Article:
The connection with economics is affirmed by nearly everyone in both fields; the link to political science is less frequently asserted. But Breslauer, a Chancellor’s Professor in that discipline, is firm. “One of the principles of their work is that people are more inclined to take risks to defend what they already have than they are to gain something new. Or, put another way, they’ll take more risks to avert losses than they will to acquire gains. That’s obviously important to the thinking of foreign-policy decision makers.”

Practical applications
Though theoretical economics has profited most famously from Kahneman’s insights, the “dismal science’s” most practical applications now reflect them as well. Professor Terry Odean of the Haas School of Business specializes in the psychology of stock-market investors, a subject of no little relevance to the boom-and-bust era we’re living through now. Odean’s discovery that investors tend to sell off their winning investments but hang on to their losers — a form of denial he calls “regret avoidance” — owes much to the work of Kahneman and Tversky. And Odean himself owes his choice of career to Daniel Kahneman.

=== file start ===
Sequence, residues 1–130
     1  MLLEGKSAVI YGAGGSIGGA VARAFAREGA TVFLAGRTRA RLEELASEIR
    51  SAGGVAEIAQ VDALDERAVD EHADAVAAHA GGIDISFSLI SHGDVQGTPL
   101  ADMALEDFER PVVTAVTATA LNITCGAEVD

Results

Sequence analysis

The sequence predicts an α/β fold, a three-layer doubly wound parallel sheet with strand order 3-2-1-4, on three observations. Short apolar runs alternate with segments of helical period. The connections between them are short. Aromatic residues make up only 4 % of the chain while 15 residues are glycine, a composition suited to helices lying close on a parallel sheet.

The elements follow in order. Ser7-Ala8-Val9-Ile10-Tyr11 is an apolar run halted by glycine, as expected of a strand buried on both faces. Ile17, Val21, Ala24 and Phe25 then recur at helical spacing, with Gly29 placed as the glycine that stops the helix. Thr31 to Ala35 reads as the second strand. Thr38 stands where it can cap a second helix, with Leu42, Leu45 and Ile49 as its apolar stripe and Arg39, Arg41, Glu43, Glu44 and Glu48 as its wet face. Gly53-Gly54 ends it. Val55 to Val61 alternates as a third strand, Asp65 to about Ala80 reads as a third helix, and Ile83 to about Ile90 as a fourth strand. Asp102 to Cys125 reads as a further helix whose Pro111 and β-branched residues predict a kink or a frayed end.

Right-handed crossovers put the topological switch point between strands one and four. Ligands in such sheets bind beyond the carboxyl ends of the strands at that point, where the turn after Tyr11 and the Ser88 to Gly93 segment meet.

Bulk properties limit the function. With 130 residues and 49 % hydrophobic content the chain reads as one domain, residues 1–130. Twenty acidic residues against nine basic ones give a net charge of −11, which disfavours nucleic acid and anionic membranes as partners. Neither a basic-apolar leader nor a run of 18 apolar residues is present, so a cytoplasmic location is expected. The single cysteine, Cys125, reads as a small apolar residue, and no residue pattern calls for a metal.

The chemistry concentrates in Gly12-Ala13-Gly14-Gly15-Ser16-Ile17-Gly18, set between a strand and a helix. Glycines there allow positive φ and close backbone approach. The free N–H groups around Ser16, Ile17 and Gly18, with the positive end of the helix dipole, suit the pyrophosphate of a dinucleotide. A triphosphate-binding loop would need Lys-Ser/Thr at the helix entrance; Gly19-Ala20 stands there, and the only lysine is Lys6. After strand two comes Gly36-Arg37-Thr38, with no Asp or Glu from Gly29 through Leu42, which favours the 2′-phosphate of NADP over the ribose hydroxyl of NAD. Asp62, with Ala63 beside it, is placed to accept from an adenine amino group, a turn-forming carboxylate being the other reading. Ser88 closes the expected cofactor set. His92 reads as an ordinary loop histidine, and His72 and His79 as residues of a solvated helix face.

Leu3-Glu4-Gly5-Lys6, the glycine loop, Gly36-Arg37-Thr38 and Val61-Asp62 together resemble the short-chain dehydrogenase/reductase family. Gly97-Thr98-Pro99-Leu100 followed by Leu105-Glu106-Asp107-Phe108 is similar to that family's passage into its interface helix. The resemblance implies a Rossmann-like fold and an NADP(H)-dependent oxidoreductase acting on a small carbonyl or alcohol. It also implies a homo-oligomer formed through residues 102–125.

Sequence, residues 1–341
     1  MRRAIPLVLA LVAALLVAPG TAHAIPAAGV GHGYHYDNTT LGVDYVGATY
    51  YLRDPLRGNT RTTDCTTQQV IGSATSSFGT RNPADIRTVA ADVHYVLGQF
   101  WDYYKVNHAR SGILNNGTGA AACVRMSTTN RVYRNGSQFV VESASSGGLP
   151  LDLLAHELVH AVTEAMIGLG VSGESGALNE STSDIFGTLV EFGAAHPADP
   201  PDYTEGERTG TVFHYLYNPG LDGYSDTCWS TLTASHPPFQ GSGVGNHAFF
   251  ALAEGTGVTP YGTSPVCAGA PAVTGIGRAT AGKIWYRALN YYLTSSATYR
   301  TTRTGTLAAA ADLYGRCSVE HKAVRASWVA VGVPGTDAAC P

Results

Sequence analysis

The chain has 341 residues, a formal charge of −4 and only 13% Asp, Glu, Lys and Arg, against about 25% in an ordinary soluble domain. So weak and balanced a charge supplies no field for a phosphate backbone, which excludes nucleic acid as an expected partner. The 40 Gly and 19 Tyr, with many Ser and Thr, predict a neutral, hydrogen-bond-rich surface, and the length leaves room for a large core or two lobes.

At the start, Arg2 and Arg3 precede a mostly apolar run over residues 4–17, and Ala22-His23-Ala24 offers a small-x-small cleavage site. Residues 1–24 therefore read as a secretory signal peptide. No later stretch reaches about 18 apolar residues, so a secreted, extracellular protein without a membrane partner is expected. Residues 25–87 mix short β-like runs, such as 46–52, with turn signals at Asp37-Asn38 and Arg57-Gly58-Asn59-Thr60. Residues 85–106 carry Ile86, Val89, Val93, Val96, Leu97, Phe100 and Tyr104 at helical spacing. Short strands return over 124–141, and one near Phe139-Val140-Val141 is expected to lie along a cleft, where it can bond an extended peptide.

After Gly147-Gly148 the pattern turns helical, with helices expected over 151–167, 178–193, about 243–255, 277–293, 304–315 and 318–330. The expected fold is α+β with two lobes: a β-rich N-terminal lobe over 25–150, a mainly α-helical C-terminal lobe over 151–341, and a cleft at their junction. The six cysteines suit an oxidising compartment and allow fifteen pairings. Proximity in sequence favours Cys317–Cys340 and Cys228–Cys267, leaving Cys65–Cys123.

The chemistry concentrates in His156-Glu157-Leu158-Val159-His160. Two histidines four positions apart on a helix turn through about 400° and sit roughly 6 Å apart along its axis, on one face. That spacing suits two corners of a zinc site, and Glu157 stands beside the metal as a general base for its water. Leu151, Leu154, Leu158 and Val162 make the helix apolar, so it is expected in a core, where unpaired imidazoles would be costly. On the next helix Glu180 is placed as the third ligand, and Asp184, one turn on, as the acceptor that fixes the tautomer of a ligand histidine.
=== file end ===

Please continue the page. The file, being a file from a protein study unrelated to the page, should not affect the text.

“Danny was a mentor to me,” says Odean, who took psychology courses from Kahneman while getting his B.A. in statistics at Berkeley. “I went over to his house to talk about grad school one afternoon, and to ask if I could study with him in the Ph.D. program. He said I should give some serious thought to going into finance instead, to apply what I’d learned in his classes about behavioral decision theory to that universe. It wasn’t a well-populated field at the time, but he told me that was an advantage – that while the behavioral approach to finance was being met with skepticism, it meant an opportunity to do research. So I got my Ph.D. in finance and have been working in that field ever since.”

Productive years at Berkeley